In-between spaces, contemplative reflection and stillness. Surrealist fantasies saturated with disorder and unreality. Tomorrow Was a Montage is a curation of works by Polish and Hungarian artists spanning across multiple generations – the result feels like a flashback from a half-remembered, vaguely unsettling dream. Timelessness implicit in the title, the worlds of animation, film posters and poetry merge like a montage themselves.
On entering the exhibition, you are confronted by several pod-like structures, each playing different short films ( Spoken Movie, no. 1 – 6, by Wojciech Bąkowski). The pods create a space of intense intimacy, each housing a single viewer, forcing you to become a part of the work. At first, these films appear harsh, even devoid of feeling. Abstract, geometrical drawings flicker to a backdrop of ambient noise that, on the surface, belies a raw humanity which is further amplified by Bąkowski’s narration. His thoughts are reflective, emotive, often unfathomable, yet still manage to weave a world of idiosyncratic abstractions without alienating the viewer.
Bąkowski’s other featured works are his animations: Making New Worlds Instead of Forgetting about It, and Construction of the Day. The former is dominated by a feeling of impending doom and entrapment, to the point of suffocation. Its aesthetic is reminiscent of an old-school Playstation game – with a deadly, hyper-realistic twist. “Hugs for the grandchildren. Run from here!” he demands. Innocence juxtaposed with fear recurs and horror video game sound effects screech throughout.
Construction of… is a narrative of the everyday, the poetry within the mundane. This monochromatic movie is constructed from geometric shapes, the black and white surface simplicity coming alive, again, through narration. One section focuses on a stream of consciousness on a bus journey: “I use personal experience only when everyone can identify with it. I’m not interested in individual problems.” By using commonalities of everyday life as a medium for introspection and philosophical thought, he breaks down broad topics of existence into poetry.
Contrasting with the minimalism of Bąkowski’s works, Tango by Zbigniew Rybczyński, plays upstairs. The film is set in a tiny room and, as time progresses, more and more characters enter on loop until the room is ridiculously saturated with action. In the gallery space, this is presented on a large projection screen, with three smaller televisions on loop. It’s a nod to the repetition of Tango, and the same repetition within omnipresent mainstream TV.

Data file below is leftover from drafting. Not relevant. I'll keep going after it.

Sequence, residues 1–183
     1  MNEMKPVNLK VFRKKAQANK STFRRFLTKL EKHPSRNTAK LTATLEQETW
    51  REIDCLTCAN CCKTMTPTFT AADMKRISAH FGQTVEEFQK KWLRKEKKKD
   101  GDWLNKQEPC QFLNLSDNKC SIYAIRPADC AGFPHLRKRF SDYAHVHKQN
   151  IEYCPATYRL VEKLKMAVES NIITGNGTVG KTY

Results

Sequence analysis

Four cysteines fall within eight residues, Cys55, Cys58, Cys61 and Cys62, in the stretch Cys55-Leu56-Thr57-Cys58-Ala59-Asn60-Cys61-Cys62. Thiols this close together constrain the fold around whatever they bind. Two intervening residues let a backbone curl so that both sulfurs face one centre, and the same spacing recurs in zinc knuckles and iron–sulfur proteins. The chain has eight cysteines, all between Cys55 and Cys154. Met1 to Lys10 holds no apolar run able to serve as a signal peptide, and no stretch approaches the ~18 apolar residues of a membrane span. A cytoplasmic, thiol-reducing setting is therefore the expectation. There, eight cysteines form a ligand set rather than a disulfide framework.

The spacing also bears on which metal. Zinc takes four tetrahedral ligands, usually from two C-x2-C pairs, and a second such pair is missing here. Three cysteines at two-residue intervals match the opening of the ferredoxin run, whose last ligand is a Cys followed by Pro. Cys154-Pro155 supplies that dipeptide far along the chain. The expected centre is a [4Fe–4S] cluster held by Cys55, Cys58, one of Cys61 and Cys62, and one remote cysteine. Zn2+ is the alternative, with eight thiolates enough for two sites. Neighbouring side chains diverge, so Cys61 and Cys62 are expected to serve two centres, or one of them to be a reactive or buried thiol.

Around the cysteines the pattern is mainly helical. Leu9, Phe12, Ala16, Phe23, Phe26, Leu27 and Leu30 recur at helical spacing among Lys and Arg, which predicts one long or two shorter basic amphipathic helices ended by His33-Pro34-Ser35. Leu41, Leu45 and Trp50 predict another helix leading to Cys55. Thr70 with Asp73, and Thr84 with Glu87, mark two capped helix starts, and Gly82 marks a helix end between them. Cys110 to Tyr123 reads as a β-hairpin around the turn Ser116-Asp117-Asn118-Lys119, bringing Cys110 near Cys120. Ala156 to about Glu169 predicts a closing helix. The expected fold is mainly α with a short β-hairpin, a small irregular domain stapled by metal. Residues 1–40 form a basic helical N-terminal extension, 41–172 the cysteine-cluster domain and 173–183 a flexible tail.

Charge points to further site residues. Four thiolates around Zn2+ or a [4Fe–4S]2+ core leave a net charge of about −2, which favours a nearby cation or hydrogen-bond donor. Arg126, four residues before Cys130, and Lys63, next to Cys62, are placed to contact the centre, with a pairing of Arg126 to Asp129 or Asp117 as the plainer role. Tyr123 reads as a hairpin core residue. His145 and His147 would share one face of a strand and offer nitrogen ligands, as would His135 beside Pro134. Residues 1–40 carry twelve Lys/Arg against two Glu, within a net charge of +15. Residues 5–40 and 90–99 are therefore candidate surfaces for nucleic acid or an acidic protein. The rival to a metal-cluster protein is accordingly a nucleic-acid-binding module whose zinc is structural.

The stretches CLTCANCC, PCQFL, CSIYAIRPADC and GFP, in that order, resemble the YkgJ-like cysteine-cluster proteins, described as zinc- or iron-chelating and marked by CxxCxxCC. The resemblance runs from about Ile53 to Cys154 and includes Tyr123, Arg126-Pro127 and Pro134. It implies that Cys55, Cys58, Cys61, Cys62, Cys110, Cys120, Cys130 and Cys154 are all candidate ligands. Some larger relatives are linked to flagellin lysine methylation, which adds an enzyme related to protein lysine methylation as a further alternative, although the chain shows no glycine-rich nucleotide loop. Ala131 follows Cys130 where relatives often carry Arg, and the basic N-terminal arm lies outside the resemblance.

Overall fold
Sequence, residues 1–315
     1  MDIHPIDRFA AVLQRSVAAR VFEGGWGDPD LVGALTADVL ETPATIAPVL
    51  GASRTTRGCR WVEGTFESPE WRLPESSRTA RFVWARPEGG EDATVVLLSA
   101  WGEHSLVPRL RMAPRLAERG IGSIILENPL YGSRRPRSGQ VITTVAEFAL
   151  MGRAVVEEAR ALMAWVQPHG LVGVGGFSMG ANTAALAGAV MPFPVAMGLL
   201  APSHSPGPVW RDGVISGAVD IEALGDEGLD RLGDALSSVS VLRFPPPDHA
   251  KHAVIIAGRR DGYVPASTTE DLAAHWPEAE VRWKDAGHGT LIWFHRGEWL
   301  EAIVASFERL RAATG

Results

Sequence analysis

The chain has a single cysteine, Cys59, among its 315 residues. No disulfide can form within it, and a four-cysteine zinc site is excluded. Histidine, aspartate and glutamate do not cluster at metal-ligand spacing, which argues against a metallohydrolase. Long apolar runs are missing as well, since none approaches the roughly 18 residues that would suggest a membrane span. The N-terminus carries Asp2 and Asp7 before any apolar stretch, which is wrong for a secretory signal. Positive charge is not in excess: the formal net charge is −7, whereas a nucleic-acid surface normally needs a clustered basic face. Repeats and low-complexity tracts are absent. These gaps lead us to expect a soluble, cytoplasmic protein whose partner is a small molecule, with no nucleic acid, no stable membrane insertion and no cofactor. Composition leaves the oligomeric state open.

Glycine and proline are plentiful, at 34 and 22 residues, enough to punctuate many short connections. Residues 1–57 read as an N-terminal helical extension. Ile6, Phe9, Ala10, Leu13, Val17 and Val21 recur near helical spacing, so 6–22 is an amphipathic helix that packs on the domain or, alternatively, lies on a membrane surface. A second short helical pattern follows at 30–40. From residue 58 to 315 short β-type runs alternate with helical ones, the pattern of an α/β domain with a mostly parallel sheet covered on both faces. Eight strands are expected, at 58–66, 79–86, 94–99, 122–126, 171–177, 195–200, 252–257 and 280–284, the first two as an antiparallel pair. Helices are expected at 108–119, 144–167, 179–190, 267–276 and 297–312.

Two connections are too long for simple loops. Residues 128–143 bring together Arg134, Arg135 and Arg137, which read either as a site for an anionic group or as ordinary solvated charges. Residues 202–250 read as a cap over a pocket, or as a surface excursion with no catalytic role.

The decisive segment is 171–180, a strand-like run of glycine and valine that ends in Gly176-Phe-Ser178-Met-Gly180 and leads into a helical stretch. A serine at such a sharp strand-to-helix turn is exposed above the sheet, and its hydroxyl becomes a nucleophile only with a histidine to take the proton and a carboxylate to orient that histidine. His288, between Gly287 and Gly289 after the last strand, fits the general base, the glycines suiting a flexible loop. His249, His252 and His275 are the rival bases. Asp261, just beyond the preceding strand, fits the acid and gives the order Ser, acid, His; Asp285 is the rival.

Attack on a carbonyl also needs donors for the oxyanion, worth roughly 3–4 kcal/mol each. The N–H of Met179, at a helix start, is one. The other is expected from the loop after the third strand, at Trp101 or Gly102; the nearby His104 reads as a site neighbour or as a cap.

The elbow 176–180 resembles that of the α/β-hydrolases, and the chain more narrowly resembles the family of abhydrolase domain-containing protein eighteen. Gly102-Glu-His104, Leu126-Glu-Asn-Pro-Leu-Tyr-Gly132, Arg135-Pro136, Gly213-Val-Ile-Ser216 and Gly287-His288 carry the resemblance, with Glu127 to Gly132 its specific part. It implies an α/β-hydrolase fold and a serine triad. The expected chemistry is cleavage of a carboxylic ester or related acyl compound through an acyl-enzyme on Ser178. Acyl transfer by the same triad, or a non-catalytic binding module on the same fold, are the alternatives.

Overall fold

On the back wall, Labyrinth by Jan Lenica plays, creating a space reminiscent of an old cinematheque. Lenica depicts a world within a world, a vivid unreality. Though light-hearted in execution, with human heads superimposed onto animal torsos, he does not shy away from depicting hard-hitting themes like capitalist oppression. In a city dominated by a destructive ‘killing machine’, the spirit of creativity and freedom blossoms and the heroes of the tale resist.
The cinematheque experience is perpetuated by the film posters of graphic designer Roman Cieślewicz, which line the walls. In turns evocative and unsettling, his striking simplicity is calculated to create maximum visual impact. Utilising mixed media in both concept and execution, he creates dreamlike images responsible for shaping ideals of montage within art. Each poster serves as both an advertising medium and work of art in itself, demonstrating the power of a design mindset with artistic ideals.
Tomorrow Was A Montage traces a perfect line between the abstract and the intimate. Each artist employs vulnerability, whether through pioneering change within their art forms, or interweaving their own narratives into their work. This is what makes Tomorrow Was… so compelling; underpinning all of these works is real, raw humanity. By constructing an alternate world, Tomorrow Was… offers us insight into our own, challenging us to contemplate our roles within it.